That’s not my name, and I am most definitely a straight hetero male who sometimes likes to joke around about things that ruffle peoples’ feathers a little bit. I’m totally fine with doing that with people who know me really well and I do really love that song it’s a hellova tune.
I’m going to stick my neck out a bit here, because that’s what I often do these days, and because some might say that I don’t know better. I can admit that, for some slightly concerning and quite funny reason, trans-gender women/men sometimes get a little bit fixated with me.
In a really pesty kind of way.
If I am going to put one criticism of trans-gender women/men out there publicly, it’s that they are waaaaaay more pesty than they should be sometimes. Sometimes they really, really, refuse to take a hint.
The first time I experienced this kind of slightly terrifying behaviour was when I was working at a fast food outlet in my late teens. As I walked towards the entrance to start a shift a co-worker was sitting outside smoking on her meal break. She suddenly bent herself over double, howling with laughter. Right in front of me. Directly in my face. Very loudly. Very unsympathetically.
Turns out the two trans-gender women/men who had just walked past me on Auckland’s Queen Street, yeah true story – we were on Queen St – both stopped, turned around and checked me out from behind. Very obviously. I wasn’t massively amused at the time but it was definitely an ongoing joke between my workmates for ages.
And then it happened again. I was working an overnight shift, I took an order – they ordered a ton of food btw – and one of the three transgender lady/men requested, in her most regal tone of voice, that when their order was ready I must deliver it to their table. I was amused and slightly annoyed. Five minutes later I delivered it to their table, where I was massively teased and objectified and repeatedly invited to sit down and stay awhile – fortunately I was tipped $10 for my troubles and I was able scamper away back to the relative safety of the counter.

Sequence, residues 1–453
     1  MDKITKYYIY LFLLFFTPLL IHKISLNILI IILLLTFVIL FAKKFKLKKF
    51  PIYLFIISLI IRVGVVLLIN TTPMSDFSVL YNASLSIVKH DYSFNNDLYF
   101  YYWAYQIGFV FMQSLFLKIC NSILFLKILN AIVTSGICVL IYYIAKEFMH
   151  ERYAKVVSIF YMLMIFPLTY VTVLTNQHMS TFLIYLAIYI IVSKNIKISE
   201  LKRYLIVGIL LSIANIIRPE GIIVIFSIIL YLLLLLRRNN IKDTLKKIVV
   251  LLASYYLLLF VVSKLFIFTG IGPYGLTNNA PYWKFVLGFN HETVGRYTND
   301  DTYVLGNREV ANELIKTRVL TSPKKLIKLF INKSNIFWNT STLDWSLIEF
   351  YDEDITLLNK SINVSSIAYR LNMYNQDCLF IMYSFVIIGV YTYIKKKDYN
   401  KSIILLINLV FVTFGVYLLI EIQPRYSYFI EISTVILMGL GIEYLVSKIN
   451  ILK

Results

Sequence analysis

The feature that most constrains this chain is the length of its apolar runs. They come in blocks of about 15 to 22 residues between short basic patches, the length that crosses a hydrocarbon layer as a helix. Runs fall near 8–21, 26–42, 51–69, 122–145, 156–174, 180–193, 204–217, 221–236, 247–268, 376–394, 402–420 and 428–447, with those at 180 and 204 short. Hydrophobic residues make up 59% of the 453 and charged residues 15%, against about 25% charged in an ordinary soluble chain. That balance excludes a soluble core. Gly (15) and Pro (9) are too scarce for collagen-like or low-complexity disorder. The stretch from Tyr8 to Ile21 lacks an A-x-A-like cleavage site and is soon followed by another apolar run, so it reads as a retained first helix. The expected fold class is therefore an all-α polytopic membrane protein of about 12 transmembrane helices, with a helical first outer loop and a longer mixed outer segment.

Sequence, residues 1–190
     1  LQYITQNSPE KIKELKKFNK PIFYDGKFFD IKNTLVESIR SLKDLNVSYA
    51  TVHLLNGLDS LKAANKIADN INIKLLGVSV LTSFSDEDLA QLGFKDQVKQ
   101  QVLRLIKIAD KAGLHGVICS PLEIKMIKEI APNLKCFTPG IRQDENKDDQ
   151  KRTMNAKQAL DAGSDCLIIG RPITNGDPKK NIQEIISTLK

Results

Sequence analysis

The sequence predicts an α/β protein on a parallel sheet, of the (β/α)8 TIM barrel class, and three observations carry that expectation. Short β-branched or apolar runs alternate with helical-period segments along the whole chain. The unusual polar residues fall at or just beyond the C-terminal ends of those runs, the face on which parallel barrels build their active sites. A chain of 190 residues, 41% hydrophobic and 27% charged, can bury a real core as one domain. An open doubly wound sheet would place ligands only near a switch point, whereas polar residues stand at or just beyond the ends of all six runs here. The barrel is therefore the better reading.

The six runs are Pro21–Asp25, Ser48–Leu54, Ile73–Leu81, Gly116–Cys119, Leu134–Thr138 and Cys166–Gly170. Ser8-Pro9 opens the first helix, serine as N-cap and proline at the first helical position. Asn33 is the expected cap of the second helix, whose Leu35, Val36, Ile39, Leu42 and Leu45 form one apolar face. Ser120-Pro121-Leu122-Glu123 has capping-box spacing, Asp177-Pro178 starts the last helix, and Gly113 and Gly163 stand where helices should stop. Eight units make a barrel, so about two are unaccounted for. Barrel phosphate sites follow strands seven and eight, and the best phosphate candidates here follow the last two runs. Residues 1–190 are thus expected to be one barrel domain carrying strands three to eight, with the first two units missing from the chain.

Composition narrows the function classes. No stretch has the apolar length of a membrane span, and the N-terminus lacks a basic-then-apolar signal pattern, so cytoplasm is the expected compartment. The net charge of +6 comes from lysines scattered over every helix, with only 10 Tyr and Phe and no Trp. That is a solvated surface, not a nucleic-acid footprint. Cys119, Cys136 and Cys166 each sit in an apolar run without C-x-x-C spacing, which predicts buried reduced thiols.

Much more recently, about 6 years ago, I was walking along an inner city street at around 3am, on my own after leaving a fun house party, and then after that getting the bejeezus scared out of me at a strange acquaintance’s very strange house. I was seriously keen to find a cab, it seemed that every single Uber in central Auckland was already taken. Three young adults walked past me, they said “hey!” in a jovial way, I said “heya” in a jovial way, and then I saw a taxi heading towards me. I hailed it. It stopped. I jumped in. Someone else suddenly slid onto the seat beside me.
She was dressed well. I got an eyeful of some quite toned and shapely legs and she appeared to be quite feminine and pretty, probably in her late 20s. She wanted to go to Ponsonby, I was keen to return to the party, also in Ponsonby. We talked a little, something about the way she spoke seemed just a little bit strange but I couldn’t quite decide exactly what it was, until I noticed her adam’s apple. Then the penny dropped.
‘No big deal,’ I thought, I’ll just be chill, we’ll drop this person off in Ponsonby and I’ll continue without her/him.